From Frustration to Fulfillment, A Kaizen Story

Steve is a Chief Appraiser of a $40B bank in the Southeast. He deals with FDIC audits, ROVs and gets pinged by his RMs.

He’s got a lot on his plate – strategic planning, quality control, vendor management, risk management and stakeholder communication within the appraisal department.

Steve’s tired of his entrenched inefficiencies with managing the appraisal process.

He’s frustrated, very frustrated, that he can’t provide his team customized tools to work the way he works.

After talking to another Chief Appraiser friend Katherine, Steve learned about Kaizen. This Japanese concept of making small, continuous improvements, sounds like it could help Steve and his staff.

That’s Kaizen in a nutshell. A mindset shift.

  1. Identify Opportunities for Improvement
  • Efficiency Boost: Begin by analyzing current processes to pinpoint bottlenecks, redundancies, or areas lacking in precision. In appraisal departments, this might involve the time taken to complete appraisals, the number of revisions, or the effectiveness of communication between appraisers and stakeholders.
  1. Analyze Processes and Create a Plan
  • Streamlined Operations: After identifying potential areas of improvement, dissect these processes to understand their components fully. This could mean evaluating the steps involved in managing appraisal orders, the turnaround time for reports, or the methods used for vendor management. Develop a plan to address these issues, prioritizing those that will have the most significant impact on efficiency.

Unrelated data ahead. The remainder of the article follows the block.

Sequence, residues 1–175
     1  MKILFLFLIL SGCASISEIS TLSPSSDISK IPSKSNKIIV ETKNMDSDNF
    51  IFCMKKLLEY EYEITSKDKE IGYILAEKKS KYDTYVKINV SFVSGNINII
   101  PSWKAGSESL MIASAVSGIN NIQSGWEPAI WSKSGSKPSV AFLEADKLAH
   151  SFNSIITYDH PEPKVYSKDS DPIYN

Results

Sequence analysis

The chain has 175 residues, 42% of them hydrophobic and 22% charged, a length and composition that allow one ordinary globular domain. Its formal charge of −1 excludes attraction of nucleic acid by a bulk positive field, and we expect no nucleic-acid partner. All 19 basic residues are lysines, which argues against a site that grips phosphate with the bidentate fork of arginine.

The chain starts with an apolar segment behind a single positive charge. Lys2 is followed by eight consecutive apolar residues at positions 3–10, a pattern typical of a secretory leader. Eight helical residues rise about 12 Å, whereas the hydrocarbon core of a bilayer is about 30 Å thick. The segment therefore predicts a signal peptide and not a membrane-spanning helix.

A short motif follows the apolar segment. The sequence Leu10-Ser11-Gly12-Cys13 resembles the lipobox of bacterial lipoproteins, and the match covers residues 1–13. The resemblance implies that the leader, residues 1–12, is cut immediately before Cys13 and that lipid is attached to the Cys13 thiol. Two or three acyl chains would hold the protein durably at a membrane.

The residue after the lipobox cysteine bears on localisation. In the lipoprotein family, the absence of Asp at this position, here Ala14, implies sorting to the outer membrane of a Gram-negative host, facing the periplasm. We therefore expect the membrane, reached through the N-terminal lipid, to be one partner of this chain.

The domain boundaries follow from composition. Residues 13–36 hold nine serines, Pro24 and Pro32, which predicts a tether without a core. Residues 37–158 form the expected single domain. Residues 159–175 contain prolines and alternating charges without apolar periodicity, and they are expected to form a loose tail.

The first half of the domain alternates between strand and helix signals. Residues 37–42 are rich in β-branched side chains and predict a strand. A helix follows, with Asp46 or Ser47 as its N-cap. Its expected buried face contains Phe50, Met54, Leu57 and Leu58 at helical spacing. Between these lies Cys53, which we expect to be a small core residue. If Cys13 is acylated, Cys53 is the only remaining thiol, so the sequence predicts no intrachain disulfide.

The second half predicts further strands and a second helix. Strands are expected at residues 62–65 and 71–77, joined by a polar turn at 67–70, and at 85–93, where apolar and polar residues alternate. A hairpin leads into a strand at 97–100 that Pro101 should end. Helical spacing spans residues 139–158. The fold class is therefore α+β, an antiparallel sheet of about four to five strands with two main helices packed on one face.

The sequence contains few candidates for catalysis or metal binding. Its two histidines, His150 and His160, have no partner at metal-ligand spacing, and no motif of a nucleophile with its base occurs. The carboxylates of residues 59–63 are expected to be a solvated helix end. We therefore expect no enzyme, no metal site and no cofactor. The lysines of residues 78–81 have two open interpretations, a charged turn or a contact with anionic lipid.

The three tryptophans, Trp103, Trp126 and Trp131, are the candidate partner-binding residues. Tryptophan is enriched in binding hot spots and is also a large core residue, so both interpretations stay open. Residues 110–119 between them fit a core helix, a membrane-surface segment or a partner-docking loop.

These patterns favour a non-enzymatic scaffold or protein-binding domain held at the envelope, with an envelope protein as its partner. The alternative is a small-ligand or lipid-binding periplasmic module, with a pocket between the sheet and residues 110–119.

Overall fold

1. Implement Small Changes
  • Continuous Improvement: Make manageable enhancements. This could involve adopting new proven technologies, like YouConnect, to automate and streamline the appraisal and environmental ordering process. Incremental changes are less disruptive and allow for continuous assessment and adjustment supported by a company that has your best interest.
  1. Monitor Results and Make Adjustments
  • Adaptive Strategies: After implementing changes, closely monitor outcomes for any signs of improvement or need for further adjustment. This could involve tracking metrics such as time saved per appraisal, improved accuracy of reports, or enhanced satisfaction among Chief Appraisers and stakeholders. Use this data to fine-tune processes continually.
  1. Standardize Successful Practices
  • Consistency and Quality: Once a change proves to be successful, standardize this practice across the department to ensure consistency, quality and efficiency. For example, if a new software app like Glances my improve your relationships with your RMs that can order, check on status and download invoices and the appraisal without ever leaving their LOS.
  1. Repeat the Process
  • Sustainable Excellence: Kaizen is an ongoing process. Encourage a culture of continuous improvement by regularly reviewing and refining processes. This promotes adaptability and ensures that the appraisal department remains efficient while attracting the next generation.


Steve was so energized to implement Kaizen in his appraisal department. He has taken the Kaizen attitude and is now internally training his staff on best practices and ideation to get their feedback.

He’s enjoying leaving behind the “rinse and repeat” mindset and now encourages a culture of constant learning and improvement.

Steve is no longer frustrated.

Fulfillment achieved.

He’s Zen, with Kaizen.

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